Methods for Peeking at the Middle Card
1. Ruffling the Pack for Return of Card.
Have the chosen card returned to the pack as you ruffle the outer ends of the cards. By squeezing the inner end of the deck you prevent the spectator from pushing the card home. Turn the deck slightly upward in transferring it to the left hand and sight the protruding index.
2. The Push Through.
Proceed as in No. 1, but in squaring the deck push the protruding card through the others by turning it a little to the left, pressing on the corner with the right forefinger and then straightening it at the rear with the left little finger. The lower index can then be sighted under cover of the right hand.
3. Charlier Pass Move.
In advancing to the spectator let the lower half of the pack drop as in the Charlier Pass and note the bottom card of the upper packet. At once drop this packet on the lower one in such a way that a step is formed between them. Insert the left little finger between the packets and you are ready to force the glimpsed card in the usual way.
4. Palming Half the Deck.
An easy, though rather bold, plan is to palm about half the deck in the right hand and sight the bottom card of this portion while making a gesture with the right hand. Replace the palmed cards on the remainder in the left hand, slipping the tip of the left little finger between the two packets as you square the deck.
5. Turning Index Corner in Fan of Cards.
Fan the deck widely for the selection of a card. Have a card selected and returned to the fan, but, before pushing the cards together, raise them to the spectator’s eyes, asking him to take one more look at his card so that he will be sure to remember it. At the same time turn up the lower index corner of his card with the left thumb and note it. A great advantage of this method is that the corner can be slightly crimped and, although the fan is closed quite openly and fairly and the deck immediately shuffled by the spectator, the chosen card can be easily located.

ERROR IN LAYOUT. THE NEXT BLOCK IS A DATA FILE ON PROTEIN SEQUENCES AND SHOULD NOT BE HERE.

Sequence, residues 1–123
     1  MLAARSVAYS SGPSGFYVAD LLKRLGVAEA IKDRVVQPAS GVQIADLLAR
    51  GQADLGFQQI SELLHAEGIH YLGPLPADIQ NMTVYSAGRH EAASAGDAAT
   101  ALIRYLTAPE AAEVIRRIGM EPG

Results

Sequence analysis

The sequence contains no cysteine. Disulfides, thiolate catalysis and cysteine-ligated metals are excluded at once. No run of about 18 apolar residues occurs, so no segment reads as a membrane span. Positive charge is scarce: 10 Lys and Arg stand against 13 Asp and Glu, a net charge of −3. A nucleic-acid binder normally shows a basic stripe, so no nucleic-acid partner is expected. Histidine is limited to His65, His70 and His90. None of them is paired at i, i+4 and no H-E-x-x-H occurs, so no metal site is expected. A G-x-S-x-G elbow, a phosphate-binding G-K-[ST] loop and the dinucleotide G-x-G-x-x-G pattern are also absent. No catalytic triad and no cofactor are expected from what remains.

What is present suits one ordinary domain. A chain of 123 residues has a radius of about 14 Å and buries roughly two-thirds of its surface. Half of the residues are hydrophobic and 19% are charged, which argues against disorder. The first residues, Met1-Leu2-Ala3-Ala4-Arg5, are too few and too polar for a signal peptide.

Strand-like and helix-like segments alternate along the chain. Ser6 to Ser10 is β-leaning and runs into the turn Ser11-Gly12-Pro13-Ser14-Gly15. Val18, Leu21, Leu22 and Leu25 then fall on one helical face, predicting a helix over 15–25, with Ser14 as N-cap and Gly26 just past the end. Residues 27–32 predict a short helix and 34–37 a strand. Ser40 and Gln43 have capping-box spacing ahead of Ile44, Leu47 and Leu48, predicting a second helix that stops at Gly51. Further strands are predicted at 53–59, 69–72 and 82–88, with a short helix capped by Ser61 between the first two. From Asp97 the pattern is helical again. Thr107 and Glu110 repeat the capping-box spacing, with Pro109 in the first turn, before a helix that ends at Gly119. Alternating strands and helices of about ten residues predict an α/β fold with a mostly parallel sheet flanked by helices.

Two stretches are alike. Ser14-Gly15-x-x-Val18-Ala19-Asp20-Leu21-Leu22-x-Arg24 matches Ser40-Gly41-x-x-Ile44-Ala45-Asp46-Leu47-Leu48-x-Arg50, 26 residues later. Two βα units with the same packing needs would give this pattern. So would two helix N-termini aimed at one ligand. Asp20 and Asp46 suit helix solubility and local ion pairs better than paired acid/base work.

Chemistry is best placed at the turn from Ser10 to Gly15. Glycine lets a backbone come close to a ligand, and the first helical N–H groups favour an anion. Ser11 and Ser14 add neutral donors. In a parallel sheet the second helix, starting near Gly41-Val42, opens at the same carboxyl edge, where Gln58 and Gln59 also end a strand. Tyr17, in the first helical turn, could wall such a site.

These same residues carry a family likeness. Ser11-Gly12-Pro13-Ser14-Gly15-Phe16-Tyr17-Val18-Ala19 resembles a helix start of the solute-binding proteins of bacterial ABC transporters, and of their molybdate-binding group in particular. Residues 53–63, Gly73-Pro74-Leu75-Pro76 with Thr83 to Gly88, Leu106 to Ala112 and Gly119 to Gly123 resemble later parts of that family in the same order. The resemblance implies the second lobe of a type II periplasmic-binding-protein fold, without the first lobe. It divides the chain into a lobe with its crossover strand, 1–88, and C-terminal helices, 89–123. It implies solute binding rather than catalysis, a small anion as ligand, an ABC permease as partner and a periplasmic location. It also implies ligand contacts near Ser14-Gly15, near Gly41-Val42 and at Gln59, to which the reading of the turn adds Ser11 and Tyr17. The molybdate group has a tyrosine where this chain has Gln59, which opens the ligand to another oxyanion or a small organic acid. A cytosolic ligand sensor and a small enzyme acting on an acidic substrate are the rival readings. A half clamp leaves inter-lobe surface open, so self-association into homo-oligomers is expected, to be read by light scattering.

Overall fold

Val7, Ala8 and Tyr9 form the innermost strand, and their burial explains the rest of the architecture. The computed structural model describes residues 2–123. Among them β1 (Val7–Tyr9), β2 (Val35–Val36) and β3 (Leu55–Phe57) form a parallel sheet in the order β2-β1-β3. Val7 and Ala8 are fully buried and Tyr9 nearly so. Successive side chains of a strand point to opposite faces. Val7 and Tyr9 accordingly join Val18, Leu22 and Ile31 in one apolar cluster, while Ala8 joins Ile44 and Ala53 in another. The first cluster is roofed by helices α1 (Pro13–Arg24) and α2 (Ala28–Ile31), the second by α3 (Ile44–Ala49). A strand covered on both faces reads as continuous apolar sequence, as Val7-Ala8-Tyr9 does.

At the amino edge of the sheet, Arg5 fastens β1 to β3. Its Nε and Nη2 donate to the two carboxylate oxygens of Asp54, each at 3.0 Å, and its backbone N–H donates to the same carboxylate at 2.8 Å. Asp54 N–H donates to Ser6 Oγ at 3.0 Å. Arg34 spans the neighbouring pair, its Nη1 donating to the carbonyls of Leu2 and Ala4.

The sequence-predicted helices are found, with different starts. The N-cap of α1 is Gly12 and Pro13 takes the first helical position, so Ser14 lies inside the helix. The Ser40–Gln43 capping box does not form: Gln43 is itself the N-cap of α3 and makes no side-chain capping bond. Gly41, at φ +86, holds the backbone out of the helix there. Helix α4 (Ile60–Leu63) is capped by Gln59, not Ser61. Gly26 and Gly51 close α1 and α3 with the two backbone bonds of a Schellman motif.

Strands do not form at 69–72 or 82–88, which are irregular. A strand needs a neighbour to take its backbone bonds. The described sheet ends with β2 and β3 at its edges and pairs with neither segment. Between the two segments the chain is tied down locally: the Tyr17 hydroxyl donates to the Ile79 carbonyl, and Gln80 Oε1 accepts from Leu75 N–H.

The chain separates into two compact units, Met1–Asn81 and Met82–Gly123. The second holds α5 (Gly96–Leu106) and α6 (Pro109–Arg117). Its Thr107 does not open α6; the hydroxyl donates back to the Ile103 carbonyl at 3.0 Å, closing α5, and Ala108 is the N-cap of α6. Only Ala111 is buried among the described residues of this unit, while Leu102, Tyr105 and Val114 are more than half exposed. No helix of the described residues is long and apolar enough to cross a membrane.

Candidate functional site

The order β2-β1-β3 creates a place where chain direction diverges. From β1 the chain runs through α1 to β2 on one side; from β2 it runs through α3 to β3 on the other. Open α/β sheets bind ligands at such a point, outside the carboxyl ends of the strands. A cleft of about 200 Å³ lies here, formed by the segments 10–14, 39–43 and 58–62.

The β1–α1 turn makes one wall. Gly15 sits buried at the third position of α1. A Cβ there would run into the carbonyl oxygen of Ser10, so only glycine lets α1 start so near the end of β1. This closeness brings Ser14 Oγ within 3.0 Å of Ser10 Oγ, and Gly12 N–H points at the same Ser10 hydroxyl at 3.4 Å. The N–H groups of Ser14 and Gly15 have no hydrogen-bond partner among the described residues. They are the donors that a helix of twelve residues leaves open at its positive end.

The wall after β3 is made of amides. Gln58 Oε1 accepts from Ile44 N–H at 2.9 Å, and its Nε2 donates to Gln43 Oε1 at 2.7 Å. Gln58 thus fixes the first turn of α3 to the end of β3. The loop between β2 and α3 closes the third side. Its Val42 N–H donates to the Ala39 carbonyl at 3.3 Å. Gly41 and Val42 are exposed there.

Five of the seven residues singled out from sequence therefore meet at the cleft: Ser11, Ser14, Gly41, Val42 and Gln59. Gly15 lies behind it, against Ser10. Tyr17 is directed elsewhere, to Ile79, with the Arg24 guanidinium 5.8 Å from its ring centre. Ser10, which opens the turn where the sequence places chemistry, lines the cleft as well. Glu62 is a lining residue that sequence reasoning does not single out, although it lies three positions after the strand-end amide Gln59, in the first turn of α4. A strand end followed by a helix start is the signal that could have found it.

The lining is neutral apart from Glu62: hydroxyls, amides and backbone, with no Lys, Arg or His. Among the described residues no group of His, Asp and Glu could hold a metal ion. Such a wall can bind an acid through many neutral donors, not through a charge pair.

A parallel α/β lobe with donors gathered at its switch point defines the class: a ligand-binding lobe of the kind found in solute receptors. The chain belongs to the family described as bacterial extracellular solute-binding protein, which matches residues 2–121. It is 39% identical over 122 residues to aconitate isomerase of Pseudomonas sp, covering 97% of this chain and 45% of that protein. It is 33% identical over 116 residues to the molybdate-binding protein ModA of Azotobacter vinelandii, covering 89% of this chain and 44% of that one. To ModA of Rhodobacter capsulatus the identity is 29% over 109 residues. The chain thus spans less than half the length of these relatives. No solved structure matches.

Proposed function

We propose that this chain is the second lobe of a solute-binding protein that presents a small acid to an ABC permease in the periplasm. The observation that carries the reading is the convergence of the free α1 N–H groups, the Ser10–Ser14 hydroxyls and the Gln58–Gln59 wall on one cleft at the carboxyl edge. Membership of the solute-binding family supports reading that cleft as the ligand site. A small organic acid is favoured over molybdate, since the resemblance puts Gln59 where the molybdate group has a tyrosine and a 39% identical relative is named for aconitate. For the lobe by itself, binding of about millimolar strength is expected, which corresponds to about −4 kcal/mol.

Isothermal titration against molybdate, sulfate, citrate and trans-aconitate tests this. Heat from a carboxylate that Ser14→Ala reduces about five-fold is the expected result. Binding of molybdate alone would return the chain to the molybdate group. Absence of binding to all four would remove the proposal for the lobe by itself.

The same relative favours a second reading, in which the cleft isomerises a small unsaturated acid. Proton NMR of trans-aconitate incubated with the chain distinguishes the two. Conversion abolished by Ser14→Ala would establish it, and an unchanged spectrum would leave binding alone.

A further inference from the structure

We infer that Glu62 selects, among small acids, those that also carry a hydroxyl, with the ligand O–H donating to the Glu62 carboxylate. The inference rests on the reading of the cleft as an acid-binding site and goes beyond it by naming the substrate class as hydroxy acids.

6. Index of Card Above Chosen Card.
Ruffle the outer ends of the cards for the return of one chosen by a spectator, bending the cards rather far back. When the card is pushed in, note the index of the one immediately above it, close the deck and square it very openly. Later by ruffling the index corners, as in the thumb count, the sighted card can be found easily, locating the selected card next to it. The spectator may be allowed to make a short overhand shuffle with little risk of separating the two cards. This greatly strengthens the effect.
7. Sighting Card After Spectator Peeks at Index.
A card having been noted by a spectator by lifting the corners of the cards and looking at the index of one as in the preliminary to the side slip, hold a break and turn the left hand over to the right, bringing the cards face up. With the tips of the left fingers press the packet NOW BELOW the break a little to the right, bringing the lower index into view. The action is covered by the position of the hand.
8. Sighting Any Card Called For.
Hold the deck in the left hand face down, firmly gripped between the first joints of the second, third and fourth fingers on the bottom and the first finger doubled back on the top, the thumb rests free on the index corner. To sight any card called, bend up the corners of the cards and ruffle them, letting the corners slip one by one and noting the indexes as they pass. With a little practice any card can be found almost instantly. The late Dr. Elliott made this move, at which he was a past master, the basis of some astounding feats.
By way of Conclusion to this exhaustive treatment of the peek it should be mentioned that the index of a card can be easily read when a card is covered with a handkerchief. It is only necessary to stretch the fabric a little over the top left hand corner.
Some tricks will require you to peek at the top or bottom card:
From Card Manipulations by Jean Hugard (1934)